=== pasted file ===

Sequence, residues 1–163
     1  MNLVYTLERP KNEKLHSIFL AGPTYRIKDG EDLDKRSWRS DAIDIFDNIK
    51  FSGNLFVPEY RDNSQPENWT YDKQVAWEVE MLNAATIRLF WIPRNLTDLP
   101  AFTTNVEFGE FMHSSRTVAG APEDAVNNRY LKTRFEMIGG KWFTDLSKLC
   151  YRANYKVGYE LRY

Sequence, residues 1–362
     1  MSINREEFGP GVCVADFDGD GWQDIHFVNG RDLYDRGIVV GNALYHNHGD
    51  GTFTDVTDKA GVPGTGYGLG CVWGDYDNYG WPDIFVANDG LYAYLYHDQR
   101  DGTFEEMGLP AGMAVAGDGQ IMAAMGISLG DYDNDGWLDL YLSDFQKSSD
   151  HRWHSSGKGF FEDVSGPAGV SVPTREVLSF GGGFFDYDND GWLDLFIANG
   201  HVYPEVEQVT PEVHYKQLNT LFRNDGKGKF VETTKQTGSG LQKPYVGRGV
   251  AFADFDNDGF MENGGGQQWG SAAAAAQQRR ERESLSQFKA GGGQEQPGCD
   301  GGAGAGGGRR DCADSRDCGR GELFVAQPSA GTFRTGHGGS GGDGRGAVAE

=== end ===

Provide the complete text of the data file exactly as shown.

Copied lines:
Sequence, residues 1–163
     1  MNLVYTLERP KNEKLHSIFL AGPTYRIKDG EDLDKRSWRS DAIDIFDNIK
    51  FSGNLFVPEY RDNSQPENWT YDKQVAWEVE MLNAATIRLF WIPRNLTDLP
   101  AFTTNVEFGE FMHSSRTVAG APEDAVNNRY LKTRFEMIGG KWFTDLSKLC
   151  YRANYKVGYE LRY

Sequence, residues 1–362
     1  MSINREEFGP GVCVADFDGD GWQDIHFVNG RDLYDRGIVV GNALYHNHGD
    51  GTFTDVTDKA GVPGTGYGLG CVWGDYDNYG WPDIFVANDG LYAYLYHDQR
   101  DGTFEEMGLP AGMAVAGDGQ IMAAMGISLG DYDNDGWLDL YLSDFQKSSD
   151  HRWHSSGKGF FEDVSGPAGV SVPTREVLSF GGGFFDYDND GWLDLFIANG
   201  HVYPEVEQVT PEVHYKQLNT LFRNDGKGKF VETTKQTGSG LQKPYVGRGV
   251  AFADFDNDGF MENGGGQQWG SAAAAAQQRR ERESLSQFKA GGGQEQPGCD
   301  GGAGAGGGRR DCADSRDCGR GELFVAQPSA GTFRTGHGGS GGDGRGAVAE